The Cultural Recovery Report highlighted the importance of these activities to life in Scotland’s cities, not just Dundee. We’re rightly proud to have hosted almost 1.7m venue visits and almost 8,000 cultural, outreach and engagement events in 2019 where cultural activity went and met people where they were in the city. In many cases these outreach activities were focused on intervention issues including poverty and deprivation, a further reminder that culture plays many roles. Seeing the stark impact of these numbers fall by 80% as a result of the pandemic highlights the need to support grassroots cultural activity in all its forms. We ignore culture at our peril. I’ve seen first hand the impact culture can have on people’s lives and the way artists and others working in culture bring their skills to bear on challenges we face everyday.

I think this report just underpins the importance of culture, as a vehicle for driving change. So whether it is educational or outreach, which is so important with the impact of COVID on learning, or whether it's economic and the figures speak for themselves, in terms of direct employment and indirect employment. Dundee is defining itself on the back of its cultural success. That’s only possible as a result of an investment in activity and experimentation. If we turn our back on this then it will be of huge cost to the city because it will have a negative impact on education, on social issues on the economics, but also in terms of progression and leadership within the city. In Dundee the cultural sector showcases that leadership tremendously well. They are all about aspiration, ambition, and bold, innovative ideas and challenging things head on. We need to be doing much more of that. As Chairman of the Scottish Cities Alliance I know other cities in Scotland look to see what is happening Dundee and what they can learn from what’s happening here.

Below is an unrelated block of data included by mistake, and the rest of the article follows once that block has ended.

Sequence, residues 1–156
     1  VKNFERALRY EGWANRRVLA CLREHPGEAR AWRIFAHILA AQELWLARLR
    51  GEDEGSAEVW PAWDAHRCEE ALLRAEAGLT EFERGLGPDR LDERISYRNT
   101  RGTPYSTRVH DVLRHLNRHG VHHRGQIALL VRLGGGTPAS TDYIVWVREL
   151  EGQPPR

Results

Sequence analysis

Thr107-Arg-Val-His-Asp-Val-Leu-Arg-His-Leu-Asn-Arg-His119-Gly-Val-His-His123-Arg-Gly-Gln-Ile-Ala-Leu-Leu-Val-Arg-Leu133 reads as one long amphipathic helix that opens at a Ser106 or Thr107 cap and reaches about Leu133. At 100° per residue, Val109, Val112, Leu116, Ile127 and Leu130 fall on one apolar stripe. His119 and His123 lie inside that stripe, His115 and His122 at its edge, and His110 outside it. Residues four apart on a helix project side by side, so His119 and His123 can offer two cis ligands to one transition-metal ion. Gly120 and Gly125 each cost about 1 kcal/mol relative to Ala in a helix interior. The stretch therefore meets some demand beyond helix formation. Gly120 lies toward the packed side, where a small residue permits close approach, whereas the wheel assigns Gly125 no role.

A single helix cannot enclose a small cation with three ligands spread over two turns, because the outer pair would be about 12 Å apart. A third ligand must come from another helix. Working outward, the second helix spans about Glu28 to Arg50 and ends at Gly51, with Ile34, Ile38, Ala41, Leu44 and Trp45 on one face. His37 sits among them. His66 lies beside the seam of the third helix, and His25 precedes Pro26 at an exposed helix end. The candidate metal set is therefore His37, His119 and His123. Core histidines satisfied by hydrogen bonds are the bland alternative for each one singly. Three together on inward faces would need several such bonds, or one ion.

I’m biased of course but I believe we live in a Goldilocks city, not too big, not too small, just perfect. It’s more than just size though. The cultural ecosystem that Eden Project were attracted to and that supports so much good work in the city will also be key to addressing the findings within the Cultural Recovery Report. While Dundee specific they are likely to reflect the impact of COVID-19 on cultural activity across Scotland. As we look to the immediate future and emerge from the pandemic, let's not ignore sustaining and enhancing the grassroot activity that is integral to our quality of life, not just in Dundee but nationwide.

How each of us defines culture might be different but what is not in doubt is how important it is to our lives. Over the festive period let’s try and see the invisible and celebrate the importance and impact culture has. Recovery for 2022 begins with addressing what’s needed and I welcome the findings of the Dundee Culture Recovery Report not just for highlighting how culture is woven into daily life but for mapping out a route to meeting the challenges posed by the pandemic head on."

John Alexander is leader of Dundee City Council and Chair of Scottish Cities Alliance